Distribution and habitat

Salt River gum grows in open woodland in low-lying, poorly drained areas near salt lakes and salt creeks. It has a scattered distribution from Pithara to Lake Grace in the Avon Wheatbelt biogeographic region. Subspecies onesis is restricted to seven populations between Piawaning, York and Cunderdin.[3][4][10]
Conservation status

Subspecies sargenti is classified as "not threatened" by the Western Australian Government Department of Parks and Wildlife,[13] but subspecies onesis is classified as "Priority Three" by the Government of Western Australia Department of Parks and Wildlife[2] meaning that it is poorly known and known from only a few locations but is not under imminent threat.[14]
See also

List of Eucalyptus species


"Eucalyptus sargentii". Australian Plant Census. Retrieved 18 December 2019.
"Eucalyptus sargentii". FloraBase. Western Australian Government Department of Biodiversity, Conservation and Attractions.
"Eucalyptus sargentii subsp. sargentii". Euclid: Centre for Australian National Biodiversity Research. Retrieved 29 May 2020.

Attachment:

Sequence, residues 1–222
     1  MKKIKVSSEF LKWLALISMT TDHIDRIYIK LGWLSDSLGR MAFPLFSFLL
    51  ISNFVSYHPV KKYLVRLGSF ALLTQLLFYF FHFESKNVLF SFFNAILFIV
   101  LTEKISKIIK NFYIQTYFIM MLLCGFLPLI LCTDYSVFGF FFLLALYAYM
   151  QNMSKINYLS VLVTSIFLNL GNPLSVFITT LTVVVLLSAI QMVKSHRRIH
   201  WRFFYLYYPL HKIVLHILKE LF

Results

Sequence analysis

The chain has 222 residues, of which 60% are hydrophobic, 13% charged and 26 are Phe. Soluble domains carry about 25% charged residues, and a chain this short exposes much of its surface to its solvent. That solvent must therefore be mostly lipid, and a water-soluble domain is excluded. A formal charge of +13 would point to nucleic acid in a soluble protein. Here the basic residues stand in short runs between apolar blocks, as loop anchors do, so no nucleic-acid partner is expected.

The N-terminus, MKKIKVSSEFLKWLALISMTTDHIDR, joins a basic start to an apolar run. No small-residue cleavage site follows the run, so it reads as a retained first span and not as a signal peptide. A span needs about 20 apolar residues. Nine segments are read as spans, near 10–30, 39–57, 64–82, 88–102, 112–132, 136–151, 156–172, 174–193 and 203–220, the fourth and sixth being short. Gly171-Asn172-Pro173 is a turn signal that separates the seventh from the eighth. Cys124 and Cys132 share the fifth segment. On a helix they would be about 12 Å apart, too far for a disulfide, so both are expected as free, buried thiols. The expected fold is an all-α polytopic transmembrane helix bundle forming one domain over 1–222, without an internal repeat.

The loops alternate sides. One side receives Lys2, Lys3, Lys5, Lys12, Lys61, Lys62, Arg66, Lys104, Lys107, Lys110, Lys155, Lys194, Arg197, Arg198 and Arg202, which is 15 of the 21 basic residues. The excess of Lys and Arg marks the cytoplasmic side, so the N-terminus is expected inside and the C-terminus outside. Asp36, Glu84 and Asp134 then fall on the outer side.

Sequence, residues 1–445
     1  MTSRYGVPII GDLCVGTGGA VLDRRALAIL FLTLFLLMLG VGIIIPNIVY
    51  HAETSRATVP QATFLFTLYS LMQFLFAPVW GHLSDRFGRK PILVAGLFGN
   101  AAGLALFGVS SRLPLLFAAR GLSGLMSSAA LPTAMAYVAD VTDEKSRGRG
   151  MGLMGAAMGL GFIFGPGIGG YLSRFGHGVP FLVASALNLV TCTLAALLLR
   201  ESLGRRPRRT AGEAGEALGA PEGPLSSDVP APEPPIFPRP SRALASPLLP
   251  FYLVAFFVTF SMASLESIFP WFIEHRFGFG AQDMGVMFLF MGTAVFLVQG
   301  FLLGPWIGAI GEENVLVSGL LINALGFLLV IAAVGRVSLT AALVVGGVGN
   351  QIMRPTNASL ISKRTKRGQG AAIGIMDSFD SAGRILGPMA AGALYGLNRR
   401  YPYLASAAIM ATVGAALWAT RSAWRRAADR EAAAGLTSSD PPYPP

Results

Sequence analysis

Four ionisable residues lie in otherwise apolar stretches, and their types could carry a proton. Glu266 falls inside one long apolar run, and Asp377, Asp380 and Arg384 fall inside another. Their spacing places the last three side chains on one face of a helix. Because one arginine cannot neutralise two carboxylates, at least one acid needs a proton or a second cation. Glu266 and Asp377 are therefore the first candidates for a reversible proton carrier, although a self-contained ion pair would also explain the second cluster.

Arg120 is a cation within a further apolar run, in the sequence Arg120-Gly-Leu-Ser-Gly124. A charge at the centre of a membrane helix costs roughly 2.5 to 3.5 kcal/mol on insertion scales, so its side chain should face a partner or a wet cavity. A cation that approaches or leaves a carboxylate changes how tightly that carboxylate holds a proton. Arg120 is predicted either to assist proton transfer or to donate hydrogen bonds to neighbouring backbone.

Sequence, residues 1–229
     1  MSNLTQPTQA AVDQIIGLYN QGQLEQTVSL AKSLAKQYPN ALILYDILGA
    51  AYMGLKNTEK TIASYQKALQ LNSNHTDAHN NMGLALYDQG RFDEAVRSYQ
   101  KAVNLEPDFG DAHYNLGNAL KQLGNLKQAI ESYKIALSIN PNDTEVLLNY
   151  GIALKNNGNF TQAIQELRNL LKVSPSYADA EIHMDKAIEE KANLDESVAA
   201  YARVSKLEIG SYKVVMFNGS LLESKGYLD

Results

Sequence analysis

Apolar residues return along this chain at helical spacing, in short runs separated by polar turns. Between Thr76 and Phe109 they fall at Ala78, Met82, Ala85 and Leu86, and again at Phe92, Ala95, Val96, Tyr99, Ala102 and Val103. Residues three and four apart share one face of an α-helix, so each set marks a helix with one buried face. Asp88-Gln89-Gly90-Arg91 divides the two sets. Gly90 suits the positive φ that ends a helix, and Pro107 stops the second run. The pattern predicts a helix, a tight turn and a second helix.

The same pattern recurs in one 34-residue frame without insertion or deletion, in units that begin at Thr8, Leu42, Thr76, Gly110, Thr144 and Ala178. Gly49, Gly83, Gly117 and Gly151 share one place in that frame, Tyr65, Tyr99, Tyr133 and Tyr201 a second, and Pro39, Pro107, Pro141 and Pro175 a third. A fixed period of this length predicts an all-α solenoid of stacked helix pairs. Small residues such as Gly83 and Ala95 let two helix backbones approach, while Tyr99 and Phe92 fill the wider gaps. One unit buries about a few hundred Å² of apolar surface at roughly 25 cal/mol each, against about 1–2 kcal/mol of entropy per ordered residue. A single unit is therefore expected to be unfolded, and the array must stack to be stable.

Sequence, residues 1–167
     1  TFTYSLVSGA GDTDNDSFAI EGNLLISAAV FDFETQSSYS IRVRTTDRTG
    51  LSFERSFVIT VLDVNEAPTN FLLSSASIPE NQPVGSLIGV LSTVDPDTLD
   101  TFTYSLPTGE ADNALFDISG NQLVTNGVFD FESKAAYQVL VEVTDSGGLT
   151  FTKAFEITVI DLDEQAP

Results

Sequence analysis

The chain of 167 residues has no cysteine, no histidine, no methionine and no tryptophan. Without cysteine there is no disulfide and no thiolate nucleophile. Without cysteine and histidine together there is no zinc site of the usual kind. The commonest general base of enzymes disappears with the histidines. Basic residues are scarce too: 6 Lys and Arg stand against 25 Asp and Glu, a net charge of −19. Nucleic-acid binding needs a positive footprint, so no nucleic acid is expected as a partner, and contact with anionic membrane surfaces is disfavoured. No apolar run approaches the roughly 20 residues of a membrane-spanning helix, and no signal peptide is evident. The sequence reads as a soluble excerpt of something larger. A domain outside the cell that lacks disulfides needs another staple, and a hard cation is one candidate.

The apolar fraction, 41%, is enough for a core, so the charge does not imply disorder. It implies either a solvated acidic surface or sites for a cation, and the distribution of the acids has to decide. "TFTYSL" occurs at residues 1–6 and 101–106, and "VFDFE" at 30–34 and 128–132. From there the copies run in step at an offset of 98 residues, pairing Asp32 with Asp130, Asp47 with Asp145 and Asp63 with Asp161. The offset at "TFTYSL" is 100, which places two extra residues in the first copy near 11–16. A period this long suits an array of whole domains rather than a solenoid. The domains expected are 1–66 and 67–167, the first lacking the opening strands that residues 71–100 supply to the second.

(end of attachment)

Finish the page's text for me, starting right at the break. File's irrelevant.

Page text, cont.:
Chippendale, George M. "Eucalyptus sargentii". Australian Biological Resources Study, Department of the Environment and Energy, Canberra. Retrieved 18 December 2019.
"Eucalyptus sargentii". APNI. Retrieved 18 December 2019.
Maiden, Joseph (1924). A Critical Revision of the Genus Eucalyptus. Sydney: New South Wales Government Printer. pp. 58–60. Retrieved 18 December 2019.
"Sargent, Oswald H. (1880 - 1952)". Council of Heads of Australasian Herbaria Australian National Herbarium. Retrieved 18 December 2019.
Johnson, Lawrence A.S.; Hill, Kenneth D. (1992). "Systematic studies in the eucalypts. 5. New taxa and combinations in Eucalyptus (Myrtaceae) in Western Australia". Telopea. 4 (4): 573–575. Retrieved 31 October 2021.
"Eucalyptus sargentii subsp. sargentii". Australian Plant Census. Retrieved 18 December 2019.
Nicolle, Dean (2005). "A rare and endangered new subspecies of Eucalyptus sargentii (Myrtaceae) with high potential for revegetation of saline sites from south- western Australia and notes on E. diminuta and E. sargentii subsp. fallens" (PDF). Nuytsia. 15 (3): 396–399. Retrieved 18 December 2019.
"Eucalyptus sargentii subsp. onesis". Australian Plant Census. Retrieved 18 December 2019.
Francis Aubie Sharr (2019). Western Australian Plant Names and their Meanings. Kardinya, Western Australia: Four Gables Press. p. 372. ISBN 9780958034180.
"Eucalyptus sargentii subsp. sargentii". FloraBase. Western Australian Government Department of Biodiversity, Conservation and Attractions.
"Conservation codes for Western Australian Flora and Fauna" (PDF). Government of Western Australia Department of Parks and Wildlife. Retrieved 18 December 2019.